The Practice

A basic NSR lesson consists of a fairly structured format. A lesson typically
lasts about an hour, with 15 minutes devoted to each limb. The lesson
proceeds in a circular motion around the body, starting with the left leg,
then moving to the right leg, right arm, and left arm. You can also move in
the opposite direction, starting with the right leg, followed by the left leg,
left arm and right arm.

NSR sessions are usually done on a table with the client lying on his back,
although alternate positions are also possible.

The specifics are slightly different depending on whether you are working
with a leg or an arm, but the general pattern is the same. Working with a
limb is divided into three segments. Note that you move through all three
segments with one limb before moving onto the next.

1. The preparation

First, you awaken the extremities—the hands or the feet. You do this by
massaging the fingers or toes and the rest of the hand or foot with a fair
amount of vigor. The intent is to simply awaken the extremity, the part of
the body where energy reverses its flow through the body. The hands and
feet also bear a disproportionate amount of work for the body and usually
need and want clear stimulation to bring awareness and sensation into them.
Waking up the hands and feet sensitizes the body for the rest of the process,
which is much more subtle.

Next, in this initial preparation of the limb, you move it through its natural
range of motion. When working with the leg, stand at the end of the table,
and raise and lower the outstretched leg just as far as it can move without
any strain. Then slide the leg out to the side as far as it can easily slide and
then bring it back to the center. Finally, move the leg in a circular motion—
that is, out to the side, arcing up the top, and back down to the center—
again, without any strain. The intent is not to provide a stretch but simply to
inform the body of its natural ability for movement in the range that is
currently available to it.

(The process for the arms is similar, except that you move the arm through a
smaller range of motion, mainly by rotating the forearm in a circle with the
upper arm laying flat on the table.)

2. The support

Now you’re ready for the main body of the work. This is where the neutral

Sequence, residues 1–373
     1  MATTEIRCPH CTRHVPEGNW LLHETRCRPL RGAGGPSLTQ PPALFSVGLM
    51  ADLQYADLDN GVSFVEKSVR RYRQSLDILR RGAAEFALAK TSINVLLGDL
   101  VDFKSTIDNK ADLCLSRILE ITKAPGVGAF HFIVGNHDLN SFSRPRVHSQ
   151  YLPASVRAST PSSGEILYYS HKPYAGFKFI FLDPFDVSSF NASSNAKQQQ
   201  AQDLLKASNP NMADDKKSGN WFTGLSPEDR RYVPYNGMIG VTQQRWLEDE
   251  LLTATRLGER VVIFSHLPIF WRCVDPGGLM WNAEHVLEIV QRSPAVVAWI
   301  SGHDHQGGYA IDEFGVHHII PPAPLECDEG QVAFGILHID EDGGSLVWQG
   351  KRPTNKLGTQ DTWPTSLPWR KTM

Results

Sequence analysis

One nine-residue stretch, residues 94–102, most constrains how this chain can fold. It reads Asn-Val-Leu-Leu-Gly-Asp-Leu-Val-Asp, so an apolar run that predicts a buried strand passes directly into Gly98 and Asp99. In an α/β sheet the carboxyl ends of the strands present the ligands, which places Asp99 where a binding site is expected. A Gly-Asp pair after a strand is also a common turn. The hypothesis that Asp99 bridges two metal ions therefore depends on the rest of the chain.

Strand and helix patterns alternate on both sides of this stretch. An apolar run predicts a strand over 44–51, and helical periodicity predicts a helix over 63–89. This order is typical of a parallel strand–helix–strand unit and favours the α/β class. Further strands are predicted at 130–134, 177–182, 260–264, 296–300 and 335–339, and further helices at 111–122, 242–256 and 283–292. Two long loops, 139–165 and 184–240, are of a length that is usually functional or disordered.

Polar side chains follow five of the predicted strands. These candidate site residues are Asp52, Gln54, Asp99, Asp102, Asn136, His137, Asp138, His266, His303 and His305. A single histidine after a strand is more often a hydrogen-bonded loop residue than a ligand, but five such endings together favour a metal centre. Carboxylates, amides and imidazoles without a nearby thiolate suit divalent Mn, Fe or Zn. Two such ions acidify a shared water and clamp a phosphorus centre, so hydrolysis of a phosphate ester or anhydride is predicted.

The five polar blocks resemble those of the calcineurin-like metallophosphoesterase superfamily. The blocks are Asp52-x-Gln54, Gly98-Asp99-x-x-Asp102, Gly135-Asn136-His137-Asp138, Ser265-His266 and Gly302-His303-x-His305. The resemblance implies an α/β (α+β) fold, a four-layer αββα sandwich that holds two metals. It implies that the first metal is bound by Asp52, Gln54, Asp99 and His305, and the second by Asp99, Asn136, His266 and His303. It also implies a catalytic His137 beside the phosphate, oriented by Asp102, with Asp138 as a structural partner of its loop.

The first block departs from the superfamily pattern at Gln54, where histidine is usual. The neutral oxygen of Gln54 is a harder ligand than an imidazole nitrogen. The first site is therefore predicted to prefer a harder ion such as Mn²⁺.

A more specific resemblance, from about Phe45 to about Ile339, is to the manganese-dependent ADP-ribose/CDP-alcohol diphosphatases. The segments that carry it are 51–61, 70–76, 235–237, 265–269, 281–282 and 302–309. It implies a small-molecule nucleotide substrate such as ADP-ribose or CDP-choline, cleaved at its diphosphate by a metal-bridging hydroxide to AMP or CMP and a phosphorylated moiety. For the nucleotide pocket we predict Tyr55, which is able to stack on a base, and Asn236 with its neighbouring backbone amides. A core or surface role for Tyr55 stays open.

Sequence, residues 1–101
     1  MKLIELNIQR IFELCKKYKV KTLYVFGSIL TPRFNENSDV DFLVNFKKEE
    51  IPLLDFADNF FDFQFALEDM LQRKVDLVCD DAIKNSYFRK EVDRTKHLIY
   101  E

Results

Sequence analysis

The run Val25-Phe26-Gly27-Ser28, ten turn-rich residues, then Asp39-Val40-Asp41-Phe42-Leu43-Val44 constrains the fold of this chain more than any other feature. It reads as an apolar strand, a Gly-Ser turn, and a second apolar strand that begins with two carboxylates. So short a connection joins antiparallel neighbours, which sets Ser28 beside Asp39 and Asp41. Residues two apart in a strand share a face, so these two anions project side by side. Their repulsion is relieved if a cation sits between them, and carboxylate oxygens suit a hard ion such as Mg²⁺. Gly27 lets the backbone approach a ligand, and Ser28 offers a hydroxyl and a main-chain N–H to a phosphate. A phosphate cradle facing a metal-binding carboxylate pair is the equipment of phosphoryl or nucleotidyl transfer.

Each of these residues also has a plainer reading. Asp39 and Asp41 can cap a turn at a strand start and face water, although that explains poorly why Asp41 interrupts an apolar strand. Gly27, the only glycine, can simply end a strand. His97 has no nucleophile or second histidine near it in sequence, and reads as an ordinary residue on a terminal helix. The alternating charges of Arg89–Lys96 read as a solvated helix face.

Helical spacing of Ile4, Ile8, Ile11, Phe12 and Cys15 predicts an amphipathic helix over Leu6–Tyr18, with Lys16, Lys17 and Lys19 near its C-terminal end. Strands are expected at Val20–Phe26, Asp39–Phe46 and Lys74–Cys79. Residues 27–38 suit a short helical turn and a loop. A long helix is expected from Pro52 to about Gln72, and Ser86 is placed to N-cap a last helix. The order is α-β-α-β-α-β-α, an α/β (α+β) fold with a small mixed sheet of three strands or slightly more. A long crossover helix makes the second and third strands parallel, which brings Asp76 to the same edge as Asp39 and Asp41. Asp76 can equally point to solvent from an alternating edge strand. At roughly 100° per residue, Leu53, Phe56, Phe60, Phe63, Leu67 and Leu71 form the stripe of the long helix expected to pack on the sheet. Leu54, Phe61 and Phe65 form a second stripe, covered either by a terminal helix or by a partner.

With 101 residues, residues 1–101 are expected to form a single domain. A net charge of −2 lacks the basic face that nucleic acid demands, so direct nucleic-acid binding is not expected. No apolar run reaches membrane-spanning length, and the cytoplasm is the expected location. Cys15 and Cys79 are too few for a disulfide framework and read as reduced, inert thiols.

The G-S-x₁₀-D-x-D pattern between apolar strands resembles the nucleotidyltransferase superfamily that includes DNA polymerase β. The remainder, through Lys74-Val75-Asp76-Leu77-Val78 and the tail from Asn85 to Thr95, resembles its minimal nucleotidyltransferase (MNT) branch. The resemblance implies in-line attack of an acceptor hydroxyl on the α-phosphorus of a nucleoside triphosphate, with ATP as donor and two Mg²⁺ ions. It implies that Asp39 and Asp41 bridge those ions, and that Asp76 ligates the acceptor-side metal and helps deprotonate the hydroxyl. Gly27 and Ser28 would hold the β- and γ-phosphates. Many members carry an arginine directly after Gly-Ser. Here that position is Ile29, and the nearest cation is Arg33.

supportive relaxation actually occurs. For the legs, it consists of raising each
leg into a position where the knee is bent and pointing up, with the foot
standing on the table. Once the knee is bent, support the leg as it drops to the
side as far as it naturally goes. Then lift it very slightly against gravity and
support it in this low position, simply holding it there, and allowing it to
relax, having had all the need for supporting itself taken over by the
practitioner. Then you can move it to a slightly higher position and support
it again in this position. Usually, you’ll have time for 3 or 4 of these
positions, as you gradually bring the knee so that it is pointing upward

Next repeat this same basic process, but this time, rather than letting the foot
stand on the table, lift it so that you’re supporting both the knee and foot as
you let the leg drop to the side. The knee is still bent now in the air. Again,
support 3 or 4 positions as you gradually bring the knee up toward the

When working with the arm, begin by lifting it slightly but keeping it
basically parallel with the table. Hold it under the elbow, with the upper arm
out from the body and the forearm bent at the elbow and supported
vertically. Then move to the second arm position by placing the forearm
across the upper chest, with the upper arm supported under the elbow. For
the third position, keeping the client’s arm bent at the elbow, place his hand
on the crown of his head and again lift and support the arm at the elbow.
Finally, straighten the arm and extend it to the side, perpendicular to the
body, and support it at the elbow and wrist with just a slight lift.

A more experienced practitioner can advance from simply holding the limbs
in a series of position to slowly and continuously moving the limbs from
their lowest position to the highest position, using subtle micro-movements.
For example, with the leg, instead of dropping the knee to the side and then
supporting it in three or four discrete position, very slowly support it first at
the lowest position and then move it up over the course of about five
minutes. The movement should be slow enough that the actual movement is
not perceptible to the client.

An advanced practitioner working on the arms will likewise move them
through the same positions as above, but with micro-movements instead of
simply supporting in one position.

3. The pull

The final segment of work on the limbs consists of a slow pull. For the leg,
you grip the foot and gently but firmly pull it along its long axis as it lies flat
on the table. The pull should have the quality of pulling through the entire
body. For the arm, you pull up, straightening the arm and lifting the
shoulder slightly off the table. Again you do this slowly and gently.

The purpose of the pull is to give the limb a sense of fullness and physical
continuity. There is a stretch involved, but the main point is not to stretch
the limb, but to allow it to take on its full length after the relaxation has